Hunting ‘yotes makes you a better hunter,they are smart,sneaky,can see,hear,and smell you from a long way off-the better you get at shooting ‘yotes,the better deer hunter you become. Hunting ‘yotes lets you practice more than just shooting skills,it lets you practice your camo and concealment,your scent control,your noise discipline,and your stand/blind placement.

Remember-fewer ‘yotes mean more deer live to the 3-31/2 years it takes to produce a deer with good body weight,which means more meat per deer-and it’s the time it takes for bucks to develop a trophy rack.

Don’t forget,you can save the pelts,sell the fur,and cover your ammo,gas,and gear expenses.

Read.

Learn.

Train.

Do More PT !

"Progressives" who hate and harass gun owners want to make this man a criminal. They want to make you a criminal.

A Pennsylvania “lawmaker” has once more demonstrated why mentally-challenged “progressives” (but I repeat myself) should never be trusted with power and responsibility. Representative Thaddeus Kirkland, a Democrat, naturally, plans on introducing a bill that “prohibits the use of human silhouette targets at shooting ranges across the Commonwealth…”

Naturally, he plans to include an exception for the “Only Ones.” Whether he intends to also mandate targets they use be accompanied with the words “Hands Up, Don’t Shoot!” is left unstated.

“Rather than perpetuate violence by continuing to allow individuals to practice their target shooting by shooting at human silhouette targets at shooting ranges, my legislation will prohibit the use of targets that depict human silhouettes at shooting ranges across the Commonwealth,” Kirkland declares, as if using the word “shooting” four times in one sentence justifies subjecting everybody else to his heavy-handed foolishness. “Instead, silhouette targets could include, but are not limited to the following: white-tailed deer, black bear, wild turkey, and elk.”

We’ll just see what PETA has to say about that. Setting collectivist stooges on each other can be great fun to watch. And as an aside, Kirkland’s presuming to “allow” implies there’s an “obey me or be destroyed” mandate he’s willing to have armed enforcers kill citizens over.

We’ll have to see about that, too.

It’s probably lost on Kirkland that the people in the section of Delco he represents who are doing the lion’s share of the “gun crime,” including missing their targets and hitting someone else, are no doubt overwhelmingly “prohibited persons” and unlikely to be spending time at ranges. The bottom line is, this will hamper the effective self-defense training of good people, and interfering with that actually makes things more dangerous for everyone. Not that “progressives” blathering about “gun safety” and achieving Opposite Day results should surprise anyone who is, you know, rational…

Still, why stop at silhouettes? What about targets that actually show figures of people? What about popular “zombie” targets? They’re not human any more, are they? Fortunately, for Kirkland’s esteemed “peace officers,” they’ll still be able to blow away “No More Hesitation” models of “white-privileged” pregnant women and kids, at least while their already-purchased supplies last. And I guess as long as we’re exploring the absurd, another ridiculous question or two is in order: Could I have a silhouette target of someone who looks human, but isn’t? For some reason Star Trek’s android Data comes to mind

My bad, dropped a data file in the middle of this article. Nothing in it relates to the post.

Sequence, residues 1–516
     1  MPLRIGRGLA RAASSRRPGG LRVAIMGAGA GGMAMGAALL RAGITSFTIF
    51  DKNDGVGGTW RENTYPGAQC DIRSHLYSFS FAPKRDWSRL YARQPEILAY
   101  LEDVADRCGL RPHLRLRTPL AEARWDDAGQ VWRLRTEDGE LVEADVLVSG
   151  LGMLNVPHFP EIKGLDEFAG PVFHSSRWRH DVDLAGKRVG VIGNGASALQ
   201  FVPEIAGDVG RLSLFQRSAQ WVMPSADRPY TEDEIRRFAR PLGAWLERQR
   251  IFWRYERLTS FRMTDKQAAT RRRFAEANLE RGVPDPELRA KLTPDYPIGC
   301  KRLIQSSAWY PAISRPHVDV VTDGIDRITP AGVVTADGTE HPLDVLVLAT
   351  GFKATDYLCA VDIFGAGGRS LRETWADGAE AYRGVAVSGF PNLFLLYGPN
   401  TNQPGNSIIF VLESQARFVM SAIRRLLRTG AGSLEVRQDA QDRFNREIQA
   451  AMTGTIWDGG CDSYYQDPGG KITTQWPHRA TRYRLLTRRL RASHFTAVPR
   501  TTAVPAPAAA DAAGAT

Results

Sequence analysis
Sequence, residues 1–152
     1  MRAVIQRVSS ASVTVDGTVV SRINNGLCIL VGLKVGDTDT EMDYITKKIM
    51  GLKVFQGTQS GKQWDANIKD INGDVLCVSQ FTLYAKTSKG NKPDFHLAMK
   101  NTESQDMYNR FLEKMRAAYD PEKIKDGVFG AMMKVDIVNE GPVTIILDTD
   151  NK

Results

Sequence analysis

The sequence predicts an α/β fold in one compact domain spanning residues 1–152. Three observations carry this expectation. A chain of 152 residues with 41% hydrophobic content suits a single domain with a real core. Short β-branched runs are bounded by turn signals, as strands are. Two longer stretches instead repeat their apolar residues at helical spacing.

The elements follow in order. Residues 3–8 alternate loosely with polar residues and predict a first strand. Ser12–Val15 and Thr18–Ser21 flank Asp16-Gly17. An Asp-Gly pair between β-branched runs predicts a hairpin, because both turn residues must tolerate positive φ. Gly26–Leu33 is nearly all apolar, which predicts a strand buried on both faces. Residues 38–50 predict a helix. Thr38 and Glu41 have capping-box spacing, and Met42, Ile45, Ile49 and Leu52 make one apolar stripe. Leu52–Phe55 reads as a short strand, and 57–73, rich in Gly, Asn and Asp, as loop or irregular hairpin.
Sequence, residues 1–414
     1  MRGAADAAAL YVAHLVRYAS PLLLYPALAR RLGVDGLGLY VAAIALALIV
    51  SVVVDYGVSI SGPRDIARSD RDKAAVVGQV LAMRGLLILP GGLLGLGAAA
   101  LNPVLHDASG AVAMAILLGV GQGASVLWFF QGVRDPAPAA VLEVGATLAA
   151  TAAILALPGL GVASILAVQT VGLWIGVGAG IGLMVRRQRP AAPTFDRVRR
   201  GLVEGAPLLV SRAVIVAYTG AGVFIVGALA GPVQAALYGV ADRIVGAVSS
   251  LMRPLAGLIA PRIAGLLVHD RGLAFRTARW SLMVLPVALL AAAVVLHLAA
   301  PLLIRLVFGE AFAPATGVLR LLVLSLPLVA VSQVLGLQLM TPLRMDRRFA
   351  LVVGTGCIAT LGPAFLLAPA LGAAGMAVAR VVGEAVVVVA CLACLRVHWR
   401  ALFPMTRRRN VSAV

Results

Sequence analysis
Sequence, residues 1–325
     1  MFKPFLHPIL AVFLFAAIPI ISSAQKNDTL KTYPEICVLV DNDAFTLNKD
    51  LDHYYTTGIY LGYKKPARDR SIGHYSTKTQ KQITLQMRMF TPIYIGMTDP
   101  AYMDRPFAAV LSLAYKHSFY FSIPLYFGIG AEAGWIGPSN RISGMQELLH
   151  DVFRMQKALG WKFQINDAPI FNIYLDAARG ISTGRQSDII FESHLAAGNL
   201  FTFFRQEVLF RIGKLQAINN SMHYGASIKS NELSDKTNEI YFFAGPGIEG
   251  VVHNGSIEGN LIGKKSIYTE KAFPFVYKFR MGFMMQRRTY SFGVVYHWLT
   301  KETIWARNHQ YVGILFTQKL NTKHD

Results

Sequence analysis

Still, the stupidity isn’t limited to Kirkland. Come on – it’s not like compulsive gun-grabbers are known for originality (just like the “Authorized Journalists” who make sure everyone has the latest talking points to parrot).

“Pennsylvania is not the first state to consider a ban on human-shaped targets,” Outdoor Hub reports. “Massachusetts has already banned the use of any shooting targets in licensed gun ranges “that depict human figures, human effigies, human silhouettes or any human images thereof, except by public safety personnel performing in line with their official duties.’”

Massachusetts. It’s OK for cops to train to shoot back at bad guys, but you, not so much. Well that just figures, doesn’t it Gomer?

Trying to trace back legislative origins is a daunting task for anyone unfamiliar with the Acts and Resolves library system the state uses (guilty!), but the prohibiting language, applying to licensed “clubs,” appears in “An Act Relative to Gun Control in the Commonwealth” from 1998, back when “Republican” Paul Cellucci ruled the roost. Whether the language was a holdover from earlier legislation is unknown, but that it survived his and Mitt Romney’s tenures as governor without apparent objection shows it’s unfair blaming it all on Democrats.

Can you imagine being one of the privileged, exempted “law enforcers,” and being willing to escalate things through the entire continuum of force against someone who could appropriately argue (in spite of what totalitarians would claim) that his supposedly guaranteed freedom of expression was being violated?

It would be interesting to see this challenged, and see how a “compelling state interest,” generally required under strict scrutiny for First Amendment cases, would be backed up. Which qualified trainers and certified programs teach that everyone is safer when targets used in self-defense training are limited to concentric circles and to pictures of game animals under force of law? And just what qualifications do ignorant, anti-gun bigots have to impose their ignorance on others, including on people whose advanced classrooms they couldn’t even safely participate in, let alone understand core concepts being taught, without first mastering prerequisite basic and intermediate skills?

It’s also interesting seeing how far some, living in places from which the demand for liberty arose, have repudiated freedom won for them by worthier men, and demanded shackles in its place. Sadly, it’s just not surprising to those who have noted them ceding their — and our — birthright to turkeys. Literally and figuratively.

http://www.examiner.com/article/human-silhouette-target-ban-bill-shows-absurd-dangers-of-anti-gun-solutions?CID=examiner_alerts_article